In recent years, there has been a rise in violent attacks on foreigners in a number of communities around South Africa. Although there has been a lot of discussion and debate about what causes South Africans to act in this way, it is important to look at the issues that have not been addressed – such as whether the violence has been caused by an expression of a form of national identity.
This event examined a number of key questions: To what extent is this a throwback the identity politics of the past? Is this a foreseeable consequence of the nation-building project of the 1990s and 2000s, or a mixture of both? Who benefits from the continuing violence, and how does inequality contribute to identity politics or the creation of different kinds of nationalism?
According to Nasiphi Moya, currently doing her PhD at the University of the Western Cape, South Africa’s nation-building project has been largely state-driven, with citizens not fully understanding what citizenship means in a democracy. In addition, a lack of education often drives many inaccurate sentiments against foreigners. Inequality and divisiveness is contributing to many communities becoming increasingly insular in their perceptions, and government’s seemingly haphazard way of dealing with the challenge of xenophobia is not helping.
In fact, government’s messaging has been inconsistent. There has been outright denial that there is xenophobic violence and ruling party politicians repeatedly lead the way by stating that such attacks are ‘mere criminality’. Of course, there is a criminal element to the violence, but there is also no doubt – as the results of various surveys show – that there are increasing levels of xenophobia in South Africa.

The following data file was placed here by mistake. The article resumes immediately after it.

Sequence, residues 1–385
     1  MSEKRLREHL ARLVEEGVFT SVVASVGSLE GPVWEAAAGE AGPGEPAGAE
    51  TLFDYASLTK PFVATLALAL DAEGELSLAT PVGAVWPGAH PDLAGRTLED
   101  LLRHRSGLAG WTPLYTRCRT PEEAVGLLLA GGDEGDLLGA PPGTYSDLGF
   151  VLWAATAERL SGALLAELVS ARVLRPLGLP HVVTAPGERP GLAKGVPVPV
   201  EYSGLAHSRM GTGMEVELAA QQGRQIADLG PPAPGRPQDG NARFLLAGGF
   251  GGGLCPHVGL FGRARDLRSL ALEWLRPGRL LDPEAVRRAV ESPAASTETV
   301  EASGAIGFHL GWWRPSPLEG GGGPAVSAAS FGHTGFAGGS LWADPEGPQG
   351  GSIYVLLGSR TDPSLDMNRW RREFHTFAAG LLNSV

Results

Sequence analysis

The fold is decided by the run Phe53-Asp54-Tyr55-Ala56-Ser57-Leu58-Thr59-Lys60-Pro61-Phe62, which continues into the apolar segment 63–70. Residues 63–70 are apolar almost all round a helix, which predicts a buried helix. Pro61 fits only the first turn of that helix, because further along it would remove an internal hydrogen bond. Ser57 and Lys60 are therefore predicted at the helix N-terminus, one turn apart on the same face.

Government’s responses have been un-coordinated and many statements and actions from politicians have served to sanction and promote xenophobic attitudes. The high levels of corruption in the South African Home Affairs Department also fuels a number of problems, including rights abuses and undermining security. But South Africa is not alone. Xenophobia and large-scale migration are international phenomena, evidenced by the migrant crisis in Europe and other parts of the world.
Brilliant Nyambi from Africa Unite discussed the practical position of refugees and asylum seekers in South Africa. Nyambi believes education about human rights could promote a better understanding of the challenges facing these vulnerable people. Also, social cohesion in South Africa is low and makes the integration of foreigners into different communities extremely difficult.
Participants agreed that a key way to deal with nation-building and creating ‘positive nationalism’ is through active citizenship.